Source: Obstruction Evaluation / Airport Airspace Analysis (OE/AAA)

BigWind builds in Findlay, Ohio and laughs at Ohio Power Siting Board

What a special time for the people of Findlay, Ohio – home of Marathon, Ball Corp., Whirlpool and State Senator Cliff Hite.  In an amazing feat, wind developer One Energy is developing a facility with five 1.5 MW industrial wind turbines which will have no regulatory oversight from the State of Ohio.  The State regulates “economically significant” wind facilities and defines them as “a wind-powered electric generation facility, including wind turbines and associated facilities, with a single interconnection to the electrical grid and designed for, or capable of, operation at an aggregate capacity of five megawatts or more but less than fifty megawatts.”  

Three turbines will provide power to the Ball Corporation while the other two will supply Whirlpool.   One Energy manager, Jereme Kent, explains that the turbines (which will be the same models built at the same time in  the same place) are two distinct projects that fall beneath the 5 MW regulatory threshold of the Ohio Power Siting Board.    As such, the developer does not intend to follow the State of Ohio’s minimum setbacks designed to limit noise emissions, shadow flicker or other adverse project effects.   OPSB seems okay with that despite more than 100 families living within ½ mile of the facilitly.  We wonder, what does Senator Cliff Hite think of One Energy skirting Ohio law? Was he aware of the project before it was announced? Was someone hoodwinked?

Three of the nation’s foremost experts on turbine-caused acoustical problems were contacted by The Courier.  One of the experts, Dr. Steven Ambrose spoke with the paper for three hours.  They also spoke with Dr. Alec Salt who heads up the Cochlear Fluids Research Laboratory at Washington University in St. Louis, Mo.  and Rick James who provided expert witness testimony in UNU’s case against EverPower.   One Energy’s “Kent dismissed the three men’s criticisms. “There are a host of studies out there that are crap studies”!    Kent claims that there are studies that prove there are no health problems.    Perhaps Mr. Kent should be invited to produce these “studies”.   There aren’t any.   There are no studies that either prove or disprove that wind turbines cause health problems.  There is documentation – proof – that inaudible infra sound from wind turbines is perceived by the human body.   This has been affirmed by George Hessler of Hessler & Associates, EverPower’s noise consulting firm. No wind developer will cooperate with the next phase of research to study health impacts, .  That is why, as we reported previously, Virginia Tech will be pursuing further research in cooperation with the Institute of Acoustics in Chile where a wind tunnel can simulate the noise emissions.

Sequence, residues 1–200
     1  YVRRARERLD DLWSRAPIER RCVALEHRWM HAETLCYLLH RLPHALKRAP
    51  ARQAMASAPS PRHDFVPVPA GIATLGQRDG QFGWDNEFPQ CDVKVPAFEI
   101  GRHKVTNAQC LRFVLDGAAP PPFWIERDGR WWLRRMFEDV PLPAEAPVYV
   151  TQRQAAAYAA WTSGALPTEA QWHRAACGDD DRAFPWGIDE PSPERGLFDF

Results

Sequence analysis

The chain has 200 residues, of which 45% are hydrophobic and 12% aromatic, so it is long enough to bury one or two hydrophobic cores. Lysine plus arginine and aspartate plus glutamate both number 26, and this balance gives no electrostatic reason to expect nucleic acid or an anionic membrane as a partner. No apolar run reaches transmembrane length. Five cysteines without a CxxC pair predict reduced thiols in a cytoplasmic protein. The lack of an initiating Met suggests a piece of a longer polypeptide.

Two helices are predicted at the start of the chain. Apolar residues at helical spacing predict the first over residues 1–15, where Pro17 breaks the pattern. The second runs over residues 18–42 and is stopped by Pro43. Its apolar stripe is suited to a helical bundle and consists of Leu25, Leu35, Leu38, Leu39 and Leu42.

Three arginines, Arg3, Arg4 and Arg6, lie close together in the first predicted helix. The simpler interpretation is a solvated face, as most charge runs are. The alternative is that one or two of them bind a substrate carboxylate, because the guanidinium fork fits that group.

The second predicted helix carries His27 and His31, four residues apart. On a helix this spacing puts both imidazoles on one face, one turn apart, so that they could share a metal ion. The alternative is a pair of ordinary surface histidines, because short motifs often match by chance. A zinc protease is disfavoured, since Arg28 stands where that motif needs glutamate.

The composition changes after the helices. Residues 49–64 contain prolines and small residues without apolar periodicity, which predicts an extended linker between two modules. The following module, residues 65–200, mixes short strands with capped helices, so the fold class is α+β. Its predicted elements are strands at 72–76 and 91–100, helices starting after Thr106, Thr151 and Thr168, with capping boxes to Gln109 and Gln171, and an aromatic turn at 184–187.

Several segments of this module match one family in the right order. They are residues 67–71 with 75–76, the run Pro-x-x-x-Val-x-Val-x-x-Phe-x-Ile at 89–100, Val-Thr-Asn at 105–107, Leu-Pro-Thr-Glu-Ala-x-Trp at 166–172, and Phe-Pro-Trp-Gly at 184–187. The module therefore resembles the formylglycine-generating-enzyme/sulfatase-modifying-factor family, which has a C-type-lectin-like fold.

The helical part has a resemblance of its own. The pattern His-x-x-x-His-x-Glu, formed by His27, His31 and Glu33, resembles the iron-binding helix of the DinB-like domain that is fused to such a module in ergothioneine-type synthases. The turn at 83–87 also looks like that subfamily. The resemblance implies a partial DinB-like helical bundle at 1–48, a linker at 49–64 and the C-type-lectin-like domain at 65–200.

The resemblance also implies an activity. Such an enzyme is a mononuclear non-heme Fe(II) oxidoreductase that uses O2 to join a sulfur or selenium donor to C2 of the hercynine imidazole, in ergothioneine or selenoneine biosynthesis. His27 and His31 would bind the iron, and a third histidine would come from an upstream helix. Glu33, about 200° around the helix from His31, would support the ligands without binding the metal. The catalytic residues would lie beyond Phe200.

We continue to be puzzled by the absolute certainty of the environmental left with respect to alleged harms to health from fracking and demands that all fracking stop until studies can be undertaken.  But if the contaminator is industrial wind, the screams call for full speed ahead until medical studies are produced.  The unwillingness of the industry to cooperate in studies insures that they can operate unimpeded in places like Findlay. 

It is disappointing to see that the Ohio Power Siting Board is taking a hands off position.  Do they think this makes them look intelligent? Hardly, it makes them look foolish and useless. Perhaps things will begin to change there as Andre Porter takes over as the newly appointed chairman of the Public Utilities Commission.  Porter is a utilities attorney with experience.  Outgoing Chair, Tom Johnson, will remain on the PUCO board until his term concludes in 2019.  In the meantime, we hope that Senator Cliff Hite will be quick to assist his constituents when and if problems arise….

Construction of five wind turbines, each nearly twice as tall as the Hancock County Courthouse, will begin this spring just outside Findlay, but not everyone thinks they will supply electrical energy as harmlessly and quietly as promised here and elsewhere.
The 262-foot towers, costing about $18 million, will stand near the Whirlpool Corp. and Ball Corp. plants south of Allen Township 215 and north of Hancock County 99 in Allen Township.
One Energy, a Findlay company, plans to sell all of the energy from three turbines to Ball, supplying about 20 percent of the factory’s needs for 20 years. Whirlpool will buy all the energy from two turbines, which will supply about 22 percent of its power needs….

But wind turbines elsewhere have faced criticism on a number of counts….

The Courier » Are wind turbines good neighbors?.